Data sheet: Nikkor Ai-s 35 mm f/1.4

Pekka Buttler, 01/2024

Pictured: Nikkor Ai-s 35mm f/1.4


The table below summarizes the lens’ key specifications (measurements based on pictured sample):

Brand:Nikon (Nikkor)Lens name35 mm 1:1.4
Focal length(s)135 mmAngle-of-view262°
Maximum Aperturef/1.4In Production1981–2020
Lens mountNikon FSubfamily (if applicable)Ai-s
Length362,0 mmDiameter467,7 mm
Filter ring diameter52 mmWeight389 grams
Lens element count9Lens group count7
Aperture blades (S/R/C)59 SFocus throw105 °
Minimum focusing distance30 cmsMaximum magnification1:5,5
Has manual aperture ringYESHas Manual focus ringYES

Further notes:
• Users should be warned that the frontmost (central) part of the front element is barely behind the filter ring, and that some aftermarket lens caps actually touch the front of the first lens element. If ever there was a candidate for using a protective filter, this lens has to be at the top of the list.
• This lens was kept in production all the way to 2020, which has to be seen as a testament to the quality of the lens.
• The custom lens hood Nikon offered for this lens goes under the name HN-3 (the HN-3 is the lens hood used on every manual-era Nikkor 35 mm lens, with the exception of the series E 35 mm).

A brief genealogy of Nikon SLR lens types

Nikon is undoubtedly one of the great names in 35 mm SLR photography. The Nikon F mount has been in continuous production since 1959. During that time, the mount has developed/changed in some detail, however without ever fully sacrificing compatibility.

In short (a longer version is here), the development of Nikon’s SLR lenses can be traced as follows:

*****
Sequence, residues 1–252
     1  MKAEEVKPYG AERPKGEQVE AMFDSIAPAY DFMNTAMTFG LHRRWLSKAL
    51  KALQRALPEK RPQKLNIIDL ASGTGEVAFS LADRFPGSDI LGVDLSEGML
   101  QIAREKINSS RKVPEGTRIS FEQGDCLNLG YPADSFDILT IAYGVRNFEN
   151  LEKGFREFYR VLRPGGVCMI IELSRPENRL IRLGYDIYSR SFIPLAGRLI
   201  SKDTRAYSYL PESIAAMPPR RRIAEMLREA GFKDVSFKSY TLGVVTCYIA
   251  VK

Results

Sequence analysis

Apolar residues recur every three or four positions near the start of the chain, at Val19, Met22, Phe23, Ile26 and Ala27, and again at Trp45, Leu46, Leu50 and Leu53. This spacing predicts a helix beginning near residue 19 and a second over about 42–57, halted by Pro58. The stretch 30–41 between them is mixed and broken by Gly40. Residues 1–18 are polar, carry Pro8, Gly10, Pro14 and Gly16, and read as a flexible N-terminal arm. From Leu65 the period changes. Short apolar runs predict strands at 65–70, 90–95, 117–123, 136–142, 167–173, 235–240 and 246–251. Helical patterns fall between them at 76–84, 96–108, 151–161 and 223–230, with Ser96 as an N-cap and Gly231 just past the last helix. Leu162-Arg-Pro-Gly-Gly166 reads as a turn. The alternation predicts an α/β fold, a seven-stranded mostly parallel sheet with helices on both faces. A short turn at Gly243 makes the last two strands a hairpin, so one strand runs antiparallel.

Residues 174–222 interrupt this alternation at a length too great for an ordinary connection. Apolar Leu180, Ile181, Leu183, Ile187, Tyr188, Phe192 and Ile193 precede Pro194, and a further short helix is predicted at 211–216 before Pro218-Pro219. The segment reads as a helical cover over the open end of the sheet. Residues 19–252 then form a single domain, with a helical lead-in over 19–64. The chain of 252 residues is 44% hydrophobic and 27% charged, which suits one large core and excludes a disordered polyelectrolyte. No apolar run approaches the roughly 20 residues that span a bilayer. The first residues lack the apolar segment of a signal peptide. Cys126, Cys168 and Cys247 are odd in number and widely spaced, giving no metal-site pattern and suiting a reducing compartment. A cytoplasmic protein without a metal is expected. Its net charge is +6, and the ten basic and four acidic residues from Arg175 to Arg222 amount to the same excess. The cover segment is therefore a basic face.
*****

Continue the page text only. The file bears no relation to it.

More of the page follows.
• 1959–1977: Pre-Ai. Manual focus lenses that use ‘rabbit ears’ to communicate selected aperture with the camera body.
• 1977–1986: Ai and Ai-s. Manual focus lenses that may have ‘rabbit ears’ for backward compatibility, but are primarily designed to communicate selected aperture with the camera body through indentations in base of aperture control ring.
• 1986–today: AF and AF-D. Autofocus lenses that do not have a focusing motor within the lens, but rely on the focus motor within the camera. All AF and AF-D lenses are simultaneously Ai-s lenses (they are Ai-s lenses extended with AF) 6
• 1996–today AF-S and AF-P. Autofocus lenses that have an internal focusing motor and do not rely on the body having a focusing motor.

Nikon was the first manufacturer to manage to produce a 35 mm focal length SLR lens with a maximum aperture of f/1.4 (see details of development on Nikon’s site) in 1970, and this combination remained rare throughout the manual era (in fact, only Nikon, Zeiss, and Leica really7 offered 35/1.4 SLR lenses).


During its entire history, Nikon has produced five different 35 mm f/1.4 lenses. All but the last are purely manual focus lenses:

GenerationYearsDesignBladesFocus ringnotes…
C-type (Nikkor N•C 35 mm f/1.4)1970–769 elements, 7 groups7 or 9metalradioactive
K-type (Nikkor 35 mm f/1.4)1975-779 elements, 7 groups7rubbernot radioactive
Ai-type (Nikkor 35 mm f/1.4)
[data sheet]
1977–819 elements, 7 groups7rubbernot radioactive
Ai-s type (Nikkor 35 mm f/1.4) [this lens]1981-20059 elements, 7 groups9rubbernot radioactive
AF-S (Nikkor AF-S 35 mm f/1.4 G)2010–10 elements, 7 groups9 (rounded)rubbernot radioactive,
has AF

While there was a significant redesign to get rid of the needing to uses a thoriated element (going from the C-type to the K-type), the optical recipe of this 50-year family of lenses remained surprisingly unchanged until the introduction of the AF-S version. Obviously coatings developed further, lens machining methods improved, but the original, 1970 design showed tremendous staying power.

Differences between the Ai and Ai-s design